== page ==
Forecasters are predicting a slower than usual hurricane season this year because of an expected El Niño system.
The National Oceanic and Atmospheric Administration announced its annual hurricane forecast in in New York City on Thursday. Officials said that the periodic Pacific warming characteristic of El Niño will likely reduce the number and intensity of tropical storms and hurricanes.
But that doesn't mean that coastal communities should let down their guard. "Even though we expect El Niño to suppress the number of storms this season, it's important to remember it takes only one land falling storm to cause a disaster," NOAA administrator Kathryn Sullivan said in a news release.
The six-month storm season begins June 1.
This year, NOAA officials expect about eight to 13 named tropical storms and three to six hurricanes. Just one or two major hurricanes with winds over 110 miles per hour are forecast, at a 70 percent likelihood rate.
Cooler temperatures on the surface of the Atlantic Ocean compared with recent years are also expected to lower the probability of hurricane formation.
But forecasters got it wrong last year when they predicted an unusually busy hurricane season. There turned out to be just 13 named storms and two Category One hurricanes, Umberto and Ingrid. There were no major hurricanes.
When it comes to hurricane predictions, "a perfect forecast is not guaranteed," said Colorado State University research scientist Philip Klotzbach in an interview with CBSNews.com. Klotzbach said it only takes one storm to ruin a season's forecast.
Besides NOAA, CSU researchers also issue their own hurricane season predictions. Researchers at CSU researchers have forecast nine named storms in 2014, with just three expected to become hurricanes and one major storm with winds over 110 mph.
The Atlantic hurricane season goes through cycles of high and low activity about every 25 to 40 years based on large scale climatic patterns in the atmosphere.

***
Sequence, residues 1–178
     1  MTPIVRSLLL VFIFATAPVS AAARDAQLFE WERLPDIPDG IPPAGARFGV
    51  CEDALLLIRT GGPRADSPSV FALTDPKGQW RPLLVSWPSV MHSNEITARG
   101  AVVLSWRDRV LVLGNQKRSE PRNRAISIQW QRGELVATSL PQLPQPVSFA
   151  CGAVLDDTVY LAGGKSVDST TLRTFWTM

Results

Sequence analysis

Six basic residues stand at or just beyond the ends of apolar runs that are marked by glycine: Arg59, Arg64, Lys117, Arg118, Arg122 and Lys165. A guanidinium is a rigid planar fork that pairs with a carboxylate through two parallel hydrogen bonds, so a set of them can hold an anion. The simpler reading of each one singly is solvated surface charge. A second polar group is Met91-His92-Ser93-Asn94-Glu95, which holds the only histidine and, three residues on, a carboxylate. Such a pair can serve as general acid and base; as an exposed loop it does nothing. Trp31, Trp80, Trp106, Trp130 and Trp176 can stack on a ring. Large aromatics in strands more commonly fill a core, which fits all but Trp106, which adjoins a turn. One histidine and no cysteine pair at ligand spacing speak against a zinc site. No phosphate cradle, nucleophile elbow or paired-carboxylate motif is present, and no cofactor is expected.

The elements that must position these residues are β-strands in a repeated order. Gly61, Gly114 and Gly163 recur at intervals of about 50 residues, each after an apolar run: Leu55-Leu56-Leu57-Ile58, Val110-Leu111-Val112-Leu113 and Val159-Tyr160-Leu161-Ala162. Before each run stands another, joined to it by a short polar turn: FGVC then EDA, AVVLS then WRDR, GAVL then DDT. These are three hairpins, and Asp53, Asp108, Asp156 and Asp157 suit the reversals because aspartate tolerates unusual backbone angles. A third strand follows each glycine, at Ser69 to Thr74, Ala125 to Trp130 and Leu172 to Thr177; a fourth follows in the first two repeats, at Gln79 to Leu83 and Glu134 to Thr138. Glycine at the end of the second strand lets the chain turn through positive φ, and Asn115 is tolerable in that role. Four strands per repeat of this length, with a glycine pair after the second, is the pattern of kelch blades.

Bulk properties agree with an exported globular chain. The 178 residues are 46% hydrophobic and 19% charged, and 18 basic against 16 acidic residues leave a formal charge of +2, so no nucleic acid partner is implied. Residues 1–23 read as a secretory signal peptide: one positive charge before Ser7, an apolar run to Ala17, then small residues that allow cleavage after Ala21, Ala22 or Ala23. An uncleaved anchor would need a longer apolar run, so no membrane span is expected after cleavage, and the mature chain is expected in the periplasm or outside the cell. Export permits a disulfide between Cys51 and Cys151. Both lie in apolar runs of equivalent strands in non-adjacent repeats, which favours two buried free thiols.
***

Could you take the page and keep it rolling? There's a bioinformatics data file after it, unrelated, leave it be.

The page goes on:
Since 1995, an average season has 15 named tropical storms, eight hurricanes and about four major storms. The last time a major hurricane made landfall in the U.S. was when Wilma came ashore in 2005, an eight-year stretch that is the longest on record.
During the six-month season, forecasters name tropical storms when top winds reach 39 mph; hurricanes have maximum winds of at least 74 mph.
Klotzbach said scientists try to make the best predictions based on available variables and data sets and for the public, the forecasts are a matter of safety.
"There's inherent curiosity about how active the season would be," said Klotzbach.
Officials urged Americans to be prepared, and they unveiled a new mapping tool unveiled to help keep coastal residents updated on the storm surge threat in their communities. "Thanks to the environmental intelligence from NOAA's network of earth observations, our scientists and meteorologists can provide life-saving products like our new storm surge threat map and our hurricane forecasts," Sullivan said.
The maps were promised last year and are being implemented for the 2014 season.
Storm surge was devastating to the New York area when Superstorm Sandy slammed the East coast in 2012, killing 147 people and causing $50 billion in damage. Sandy lost hurricane status when it made landfall in New Jersey.
"It only takes one hurricane or tropical storm making landfall to have disastrous impacts on our communities," said Joe Nimmich, FEMA associate administrator for Response and Recovery in a news release. "Just last month, Pensacola, Florida saw five inches of rain in 45 minutes - without a tropical storm or hurricane. We need you to be ready. Know your risk for hurricanes and severe weather, take action now to be prepared and be an example for others in your office, school or community..."